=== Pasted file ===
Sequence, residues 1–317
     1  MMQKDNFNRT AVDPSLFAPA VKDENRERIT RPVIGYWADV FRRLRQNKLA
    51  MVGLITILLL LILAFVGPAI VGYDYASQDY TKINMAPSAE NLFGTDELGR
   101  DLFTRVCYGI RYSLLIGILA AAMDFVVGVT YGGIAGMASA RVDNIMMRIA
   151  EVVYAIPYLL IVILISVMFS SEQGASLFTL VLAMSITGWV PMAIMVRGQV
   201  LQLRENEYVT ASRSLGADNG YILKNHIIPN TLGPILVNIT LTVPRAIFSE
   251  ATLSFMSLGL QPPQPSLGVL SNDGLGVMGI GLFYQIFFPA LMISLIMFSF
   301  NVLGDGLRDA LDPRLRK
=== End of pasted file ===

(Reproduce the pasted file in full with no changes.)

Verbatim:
Sequence, residues 1–317
     1  MMQKDNFNRT AVDPSLFAPA VKDENRERIT RPVIGYWADV FRRLRQNKLA
    51  MVGLITILLL LILAFVGPAI VGYDYASQDY TKINMAPSAE NLFGTDELGR
   101  DLFTRVCYGI RYSLLIGILA AAMDFVVGVT YGGIAGMASA RVDNIMMRIA
   151  EVVYAIPYLL IVILISVMFS SEQGASLFTL VLAMSITGWV PMAIMVRGQV
   201  LQLRENEYVT ASRSLGADNG YILKNHIIPN TLGPILVNIT LTVPRAIFSE
   251  ATLSFMSLGL QPPQPSLGVL SNDGLGVMGI GLFYQIFFPA LMISLIMFSF
   301  NVLGDGLRDA LDPRLRK